Let’s start the countdown
November 2, 2021, is the "expiration" date for Drupal 8. This occasion was easy to overlook as it was obscured by the last year’s present for entrepreneurs who have websites on Drupal 7: the community will keep an eye on their websites till November 28, 2022.
How did it come that the 10-year-old version turned out to be more viable than the new one? First of all, Drupal 8 and PHP framework Symfony 3 have a common code base. Support for Symfony 3 ends in November 2021, which means that we’ll say goodbye to Drupal 8 as well.
Secondly, Drupal 7 gets the core and security updates for free from the Drupal development team who decided to save entrepreneurs from the costly trouble of migrating to a newer version as the business has already incurred losses from the coronavirus.
In a sense, Drupal 8 has become a breakthrough product: integration with Symfony allowed the developers to use the principles of OOP in their work, and embedding the PHP package manager Composer into the core made it easier to download and update files and dependencies in the core, as well add modules and themes. Drupal 9 has inherited these changes and offers a lot of new modifications. Its development is driven by the main resources of developers who will certainly say “There’s no time to explain, migrate your website immediately!” It makes sense to listen to their advice because even Acquia, the Dries Buytaert’s company, has discontinued the support of Drupal 8. However, let’s look at why putting off migration and leaving your website to run on Drupal 8 is a risk not worth taking.
On guard of security
New major versions of software products appear in response to the current technology and design trends. I doubt that you use phones running on Android versions 4 to 8 as they are outdated and nonsecure. Security is the main reason for the Drupal update.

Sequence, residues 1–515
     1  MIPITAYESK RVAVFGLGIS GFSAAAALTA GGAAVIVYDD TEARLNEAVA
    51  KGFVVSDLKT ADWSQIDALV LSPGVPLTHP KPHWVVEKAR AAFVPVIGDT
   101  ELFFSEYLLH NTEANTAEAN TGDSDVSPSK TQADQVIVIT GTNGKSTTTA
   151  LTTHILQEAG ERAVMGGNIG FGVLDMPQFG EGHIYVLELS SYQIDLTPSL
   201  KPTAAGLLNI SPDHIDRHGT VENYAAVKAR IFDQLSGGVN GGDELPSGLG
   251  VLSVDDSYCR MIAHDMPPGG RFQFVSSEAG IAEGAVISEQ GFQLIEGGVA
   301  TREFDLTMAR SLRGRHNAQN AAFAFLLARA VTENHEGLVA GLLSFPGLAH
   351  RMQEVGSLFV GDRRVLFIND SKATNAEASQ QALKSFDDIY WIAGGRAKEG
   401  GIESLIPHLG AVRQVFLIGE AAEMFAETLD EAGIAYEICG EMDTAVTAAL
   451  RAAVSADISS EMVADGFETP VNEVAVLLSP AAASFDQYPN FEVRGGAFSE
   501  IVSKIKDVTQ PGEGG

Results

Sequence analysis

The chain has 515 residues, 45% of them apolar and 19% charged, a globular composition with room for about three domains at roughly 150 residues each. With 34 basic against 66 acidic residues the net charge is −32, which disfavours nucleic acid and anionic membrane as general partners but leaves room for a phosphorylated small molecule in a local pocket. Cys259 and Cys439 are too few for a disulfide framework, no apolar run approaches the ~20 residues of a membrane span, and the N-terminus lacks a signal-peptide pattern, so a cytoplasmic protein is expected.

Software vulnerabilities make it possible for hackers to use your website for their purposes.
These are not invented cases but some examples of real vulnerabilities detected by Drupal developers. After the vulnerability is detected they change the core code and write a release note for a new minor core version with a patch to which you need to update the website to avoid problems.
The versions whose EOL is approaching do not receive security updates anymore even for critical vulnerabilities. Modules extending the functionality of your website also become vulnerable to the actions of unauthorized persons. Searching for hosting and integration with third-party applications will also involve problems as the websites will be marked as non-secure for them.
Advantages of Drupal 9
Meanwhile, the community is focusing its resources on improving the current versions of Drupal. What makes Drupal 9 so good? Here are just some of its features:
- Improved development experience with Layout Builder and architecture based on the API-first principle (yes, all these features already made the developers happy about Drupal 8 and have descended to the successor). At the same time, developers enjoy the opportunity to create websites based on the decoupled Drupal principle that suggests the separate operations of the Drupal part responsible for generating and displaying information for the user and the part dealing with data storage. We discussed the advantages of decoupled Drupal in our post devoted to the development of an online store based on Drupal;
- In the future, upgrading to new CMS versions will be even easier than migrating from Drupal 8 to Drupal 9;
- Developers will add new functionality to Drupal 9 twice a year;
- If you have little time to launch your website, such distribution kits as Rain CMS will accelerate its development.
How much does it cost to migrate to Drupal 9?